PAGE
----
EUREKA SPRINGS, Ark., April 20 (UPI) -- U.S. home sizes are shrinking as the population ages, property taxes rise and personal preferences change, architects and developers say.
In "a reversal of decades of expanding home sizes," architects report soaring U.S. demand for less square footage, American Institute of Architects spokesman Scott Frank says.
"'Cottage' is the biggest word in decorating right now," small house owner Melissa Greene tells The Christian Science Monitor.
Home-improvement chain Lowe's Cos. will start selling plans and kits for frame-built Katrina Cottages developed by architect Marianne Cusato of Cusato Cottages LLC following Hurricane Katrina as "a dignified alternative" to government-issue trailers.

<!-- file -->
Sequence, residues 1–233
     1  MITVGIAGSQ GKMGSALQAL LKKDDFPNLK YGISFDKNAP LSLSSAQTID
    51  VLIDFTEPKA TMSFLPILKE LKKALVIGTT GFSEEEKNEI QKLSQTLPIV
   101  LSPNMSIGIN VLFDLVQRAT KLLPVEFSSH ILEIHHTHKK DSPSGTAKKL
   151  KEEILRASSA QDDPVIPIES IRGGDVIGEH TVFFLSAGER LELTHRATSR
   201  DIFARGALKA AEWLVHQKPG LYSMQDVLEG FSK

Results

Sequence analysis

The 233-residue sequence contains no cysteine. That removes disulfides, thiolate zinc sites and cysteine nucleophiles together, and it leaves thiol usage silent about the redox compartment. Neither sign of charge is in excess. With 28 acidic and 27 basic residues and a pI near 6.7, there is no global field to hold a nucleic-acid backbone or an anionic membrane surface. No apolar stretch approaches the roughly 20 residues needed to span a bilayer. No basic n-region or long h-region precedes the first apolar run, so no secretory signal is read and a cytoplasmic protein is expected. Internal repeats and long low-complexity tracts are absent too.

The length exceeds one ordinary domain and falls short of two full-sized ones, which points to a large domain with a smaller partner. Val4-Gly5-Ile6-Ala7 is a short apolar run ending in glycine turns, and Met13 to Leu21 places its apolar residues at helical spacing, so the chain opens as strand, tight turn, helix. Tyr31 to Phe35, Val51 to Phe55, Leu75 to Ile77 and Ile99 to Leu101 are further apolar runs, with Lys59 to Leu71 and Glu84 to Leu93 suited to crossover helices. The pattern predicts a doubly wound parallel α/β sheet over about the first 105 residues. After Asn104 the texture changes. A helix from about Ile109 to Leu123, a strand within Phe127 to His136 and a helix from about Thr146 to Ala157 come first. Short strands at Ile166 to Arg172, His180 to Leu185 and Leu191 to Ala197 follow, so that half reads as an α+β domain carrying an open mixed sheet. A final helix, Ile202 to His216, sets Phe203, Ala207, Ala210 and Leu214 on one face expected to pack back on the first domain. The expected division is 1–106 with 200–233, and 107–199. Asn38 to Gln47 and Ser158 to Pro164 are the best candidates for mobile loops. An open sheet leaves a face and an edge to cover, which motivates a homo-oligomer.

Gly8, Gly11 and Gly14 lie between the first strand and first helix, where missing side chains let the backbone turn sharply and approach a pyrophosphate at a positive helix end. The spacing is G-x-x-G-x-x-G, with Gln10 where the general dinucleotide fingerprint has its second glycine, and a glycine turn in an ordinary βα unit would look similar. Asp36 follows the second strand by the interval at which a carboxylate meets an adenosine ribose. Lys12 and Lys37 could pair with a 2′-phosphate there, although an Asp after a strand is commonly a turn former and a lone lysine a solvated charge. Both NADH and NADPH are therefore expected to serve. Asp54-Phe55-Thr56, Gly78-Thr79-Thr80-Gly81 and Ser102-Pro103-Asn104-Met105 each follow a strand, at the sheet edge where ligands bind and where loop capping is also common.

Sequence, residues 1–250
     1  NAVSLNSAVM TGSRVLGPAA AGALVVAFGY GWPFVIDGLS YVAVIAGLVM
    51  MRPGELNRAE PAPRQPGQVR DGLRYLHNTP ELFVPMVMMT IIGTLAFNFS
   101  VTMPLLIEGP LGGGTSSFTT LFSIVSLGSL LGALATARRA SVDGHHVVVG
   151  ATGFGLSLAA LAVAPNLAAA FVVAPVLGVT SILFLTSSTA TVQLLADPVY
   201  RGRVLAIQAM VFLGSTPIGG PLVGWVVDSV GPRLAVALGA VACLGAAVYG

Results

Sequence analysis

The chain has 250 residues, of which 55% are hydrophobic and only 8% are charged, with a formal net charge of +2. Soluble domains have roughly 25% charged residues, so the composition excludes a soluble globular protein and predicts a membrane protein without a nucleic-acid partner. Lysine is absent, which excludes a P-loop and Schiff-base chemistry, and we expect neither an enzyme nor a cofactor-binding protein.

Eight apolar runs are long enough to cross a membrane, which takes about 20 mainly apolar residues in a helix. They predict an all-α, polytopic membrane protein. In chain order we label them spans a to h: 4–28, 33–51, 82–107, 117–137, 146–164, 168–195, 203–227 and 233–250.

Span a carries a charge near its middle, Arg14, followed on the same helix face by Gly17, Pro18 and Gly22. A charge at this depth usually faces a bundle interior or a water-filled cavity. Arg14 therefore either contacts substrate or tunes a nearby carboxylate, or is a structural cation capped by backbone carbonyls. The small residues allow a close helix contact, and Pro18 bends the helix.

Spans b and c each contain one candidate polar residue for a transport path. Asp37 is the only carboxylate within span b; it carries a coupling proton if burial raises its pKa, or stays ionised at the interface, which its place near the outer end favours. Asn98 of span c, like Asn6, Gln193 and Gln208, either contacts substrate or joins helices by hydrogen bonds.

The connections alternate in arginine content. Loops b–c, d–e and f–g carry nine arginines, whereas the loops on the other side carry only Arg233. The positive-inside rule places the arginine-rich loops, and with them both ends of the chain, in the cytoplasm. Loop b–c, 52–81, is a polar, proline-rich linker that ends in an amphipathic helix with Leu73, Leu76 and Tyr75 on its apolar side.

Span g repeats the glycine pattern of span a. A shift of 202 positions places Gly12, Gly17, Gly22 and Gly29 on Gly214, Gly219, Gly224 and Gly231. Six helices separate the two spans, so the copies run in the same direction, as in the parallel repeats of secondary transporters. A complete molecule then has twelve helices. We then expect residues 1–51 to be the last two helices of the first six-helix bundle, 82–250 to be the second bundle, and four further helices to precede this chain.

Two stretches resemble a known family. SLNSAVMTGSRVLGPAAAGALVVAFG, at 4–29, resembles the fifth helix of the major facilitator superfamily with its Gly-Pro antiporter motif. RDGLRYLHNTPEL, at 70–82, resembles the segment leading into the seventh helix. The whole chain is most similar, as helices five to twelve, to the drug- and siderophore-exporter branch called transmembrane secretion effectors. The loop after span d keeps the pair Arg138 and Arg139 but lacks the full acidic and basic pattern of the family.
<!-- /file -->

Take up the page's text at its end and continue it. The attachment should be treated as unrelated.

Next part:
Options range from 550 to 940 square feet.
Even a small space can feel expansive, if it's part of something larger, Cusato says.
"I think Ms. Cusato is the first to reach a broad audience with a genuinely small design that won't create a generation of claustrophobes," said David Harned, a small house devotee who runs the genre-celebrating Web site tinyhouses.net from his 1,200-square foot home in Kalamazoo, Mich.
Harned sees the pull of tiny houses as being as strong as that of small, fuel-efficient cars.